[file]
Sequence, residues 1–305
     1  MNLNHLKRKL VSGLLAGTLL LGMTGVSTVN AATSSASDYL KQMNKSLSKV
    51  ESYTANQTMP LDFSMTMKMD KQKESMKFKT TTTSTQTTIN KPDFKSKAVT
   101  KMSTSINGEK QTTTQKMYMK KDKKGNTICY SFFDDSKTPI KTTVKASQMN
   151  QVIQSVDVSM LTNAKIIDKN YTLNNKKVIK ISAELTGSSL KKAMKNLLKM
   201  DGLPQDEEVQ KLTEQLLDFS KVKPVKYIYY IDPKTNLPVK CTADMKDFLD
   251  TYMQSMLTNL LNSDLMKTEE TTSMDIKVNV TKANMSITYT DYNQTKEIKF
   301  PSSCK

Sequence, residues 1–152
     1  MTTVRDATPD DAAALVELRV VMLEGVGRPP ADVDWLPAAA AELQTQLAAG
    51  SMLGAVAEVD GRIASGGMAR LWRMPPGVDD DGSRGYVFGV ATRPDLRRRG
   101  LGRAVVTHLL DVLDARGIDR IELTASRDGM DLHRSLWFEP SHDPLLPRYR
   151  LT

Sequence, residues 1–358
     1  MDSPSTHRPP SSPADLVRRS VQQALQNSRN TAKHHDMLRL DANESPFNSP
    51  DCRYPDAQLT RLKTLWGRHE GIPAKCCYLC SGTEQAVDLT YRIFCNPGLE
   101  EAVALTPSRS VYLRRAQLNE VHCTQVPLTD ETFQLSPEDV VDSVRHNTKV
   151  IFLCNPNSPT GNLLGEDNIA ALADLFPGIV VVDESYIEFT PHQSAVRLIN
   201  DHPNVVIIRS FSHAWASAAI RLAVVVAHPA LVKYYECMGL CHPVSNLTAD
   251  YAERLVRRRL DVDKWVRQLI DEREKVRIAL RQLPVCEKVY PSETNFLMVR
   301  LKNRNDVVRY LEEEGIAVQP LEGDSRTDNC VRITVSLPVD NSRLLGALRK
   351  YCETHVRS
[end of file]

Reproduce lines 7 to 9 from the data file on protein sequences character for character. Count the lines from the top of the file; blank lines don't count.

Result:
   251  TYMQSMLTNL LNSDLMKTEE TTSMDIKVNV TKANMSITYT DYNQTKEIKF
   301  PSSCK

Sequence, residues 1–152